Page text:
What you need to know:
- The 14 envoys spoke of their concerns after a meeting with the IEBC leadership headed by chairman Wafula Chebukati, with commissioners Consolata Maina, Roselyn Akombe and Paul Kurgat present.
- They were critical of the attempts to make changes to electoral laws just days to the repeat poll and demands for staff changes at the IEBC.
Diplomats have asked President Uhuru Kenyatta and National Super Alliance presidential candidate Raila Odinga to stop playing political games and undermining the electoral commission ahead of the repeat presidential elections.
They also warned that hardliners and inciters on both sides of the political divide could be sanctioned by their countries, travel bans and denial of visas included, if they are seen to be advocating for violence and spreading hate speech.
Specifically, they were critical of the attempts to make changes to electoral laws just days to the repeat poll and demands for staff changes at the Independent Electoral and Boundaries Commission (IEBC).
“It is international best practice not to make changes to electoral laws without broad political agreement. If everyone were to agree on changes that needed to be made, that would be fine but at the moment, we would encourage everyone to look at international best practice and work together to bring the election and make it free, fair and credible and peaceful and hold it in the constitutional manner,” said United States ambassador Robert Godec.
The 14 envoys spoke of their concerns after a meeting with the IEBC leadership headed by chairman Wafula Chebukati, with commissioners Consolata Maina, Roselyn Akombe and Paul Kurgat present.
They said, in a statement read by Mr Godec, that while it is time for both sides to show leadership, strengthen Kenya’s democracy and build the country’s international prestige, the opposite is being done by the political leaders.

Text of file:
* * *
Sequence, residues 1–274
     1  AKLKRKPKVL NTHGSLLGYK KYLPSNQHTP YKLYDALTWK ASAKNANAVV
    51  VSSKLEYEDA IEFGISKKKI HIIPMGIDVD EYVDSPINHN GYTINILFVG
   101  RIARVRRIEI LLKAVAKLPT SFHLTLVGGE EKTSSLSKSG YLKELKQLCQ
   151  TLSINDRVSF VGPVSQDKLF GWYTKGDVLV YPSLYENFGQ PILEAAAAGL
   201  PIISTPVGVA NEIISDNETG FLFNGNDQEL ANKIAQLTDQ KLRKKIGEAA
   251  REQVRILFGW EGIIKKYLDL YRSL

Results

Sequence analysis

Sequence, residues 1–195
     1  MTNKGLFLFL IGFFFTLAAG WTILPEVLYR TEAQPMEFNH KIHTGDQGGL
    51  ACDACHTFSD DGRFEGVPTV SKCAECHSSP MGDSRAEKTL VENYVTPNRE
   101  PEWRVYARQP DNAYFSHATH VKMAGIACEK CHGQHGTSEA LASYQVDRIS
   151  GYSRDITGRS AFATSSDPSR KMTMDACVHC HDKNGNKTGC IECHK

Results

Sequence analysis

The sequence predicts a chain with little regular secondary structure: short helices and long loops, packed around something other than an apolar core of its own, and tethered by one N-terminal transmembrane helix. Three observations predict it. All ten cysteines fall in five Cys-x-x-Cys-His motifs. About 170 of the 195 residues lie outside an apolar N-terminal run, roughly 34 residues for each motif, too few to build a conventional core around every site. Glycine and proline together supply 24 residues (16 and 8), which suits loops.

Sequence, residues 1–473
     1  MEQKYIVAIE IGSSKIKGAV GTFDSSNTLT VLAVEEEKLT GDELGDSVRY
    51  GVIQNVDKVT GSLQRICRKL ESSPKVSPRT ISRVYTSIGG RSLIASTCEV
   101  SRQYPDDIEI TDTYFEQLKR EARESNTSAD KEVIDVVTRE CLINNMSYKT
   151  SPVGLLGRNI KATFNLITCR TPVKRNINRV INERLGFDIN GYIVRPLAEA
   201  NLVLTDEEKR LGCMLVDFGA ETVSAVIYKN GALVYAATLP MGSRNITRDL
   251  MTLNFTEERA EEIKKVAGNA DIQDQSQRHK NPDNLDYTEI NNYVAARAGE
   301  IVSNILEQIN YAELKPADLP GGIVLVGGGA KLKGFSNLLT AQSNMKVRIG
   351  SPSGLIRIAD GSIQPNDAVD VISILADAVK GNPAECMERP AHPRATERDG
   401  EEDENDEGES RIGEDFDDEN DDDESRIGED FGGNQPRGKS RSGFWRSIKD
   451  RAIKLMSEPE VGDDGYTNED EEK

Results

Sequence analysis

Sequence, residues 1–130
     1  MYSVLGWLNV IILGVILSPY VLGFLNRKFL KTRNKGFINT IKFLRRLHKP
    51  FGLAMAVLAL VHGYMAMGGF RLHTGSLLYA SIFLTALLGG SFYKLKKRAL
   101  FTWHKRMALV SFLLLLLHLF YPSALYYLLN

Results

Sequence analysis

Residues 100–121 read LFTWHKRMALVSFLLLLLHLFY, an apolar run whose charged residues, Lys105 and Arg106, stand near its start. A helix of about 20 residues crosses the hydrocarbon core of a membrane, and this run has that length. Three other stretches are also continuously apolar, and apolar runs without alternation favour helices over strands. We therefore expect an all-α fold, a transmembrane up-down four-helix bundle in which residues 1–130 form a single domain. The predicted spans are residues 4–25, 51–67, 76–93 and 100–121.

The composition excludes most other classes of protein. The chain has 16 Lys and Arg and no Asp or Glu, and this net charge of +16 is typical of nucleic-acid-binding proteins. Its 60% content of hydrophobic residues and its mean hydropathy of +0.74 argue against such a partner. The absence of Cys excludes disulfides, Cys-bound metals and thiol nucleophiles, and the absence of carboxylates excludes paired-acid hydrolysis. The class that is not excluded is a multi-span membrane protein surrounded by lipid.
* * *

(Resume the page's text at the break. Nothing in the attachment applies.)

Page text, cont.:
“The “Election Laws Amendment Bill,” for example, puts at risk the IEBC’s ability to conduct a better election within the mandated 60-day timeline, and unnecessarily increases political tensions,” they said.
Their problem with the bills is their timing so close to the elections and the lack of agreement.
“Wise reforms to an established electoral process take time. They require thoughtful reflection and broad agreement from all parties. Well-established international best practice is to avoid changes to electoral rules just prior to an election,” they said.
The bill in Parliament has been sponsored by the Jubilee Party and its existence was the reason for the collapse of talks between them, Nasa and the IEBC at Bomas on Thursday last week.
Introduction of the bills drew attention away from the Opposition’s many demands on the IEBC, making them Jubilee’s political weapon against their rivals.
The envoys said “the growing political demands, inflammatory rhetoric, and boycott threats undermine the IEBC’s ability to carry out its constitutionally-mandated job to hold a new election.”
“For example, if IEBC personnel are to be removed, it should only be done by the appropriate authorities and be consistent with the law and relevant regulations,” the envoys said.
Nasa has since the day of the decision of the Supreme Court been on a crusade against the IEBC and has singled out members of staff, with chief executive Ezra Chiloba top of the list, they say should be sacked before the repeat polls.
Asked about the threat to impose sanctions on some politicians, Mr Godec said: “We are watching what’s happening and if and when appropriate, we will take steps under US law to hold people accountable. There are many different potential measures we can take and I am not going to get into that speculation but I will say obviously visa bans and other travel measures are one possibility.”
The European Union’s official, Bruno Pozzi said they were looking at the situation and had not thought of any measures.
United Kingdom’s deputy ambassador Susan Kitchens was more direct, saying: “We are also watching carefully and anyone who is found to be inciting or engaging in violence must be held accountable and that should be done by Kenyan institutions. We are following too and the UK reserves the right to take appropriate action which may include refusing visas.”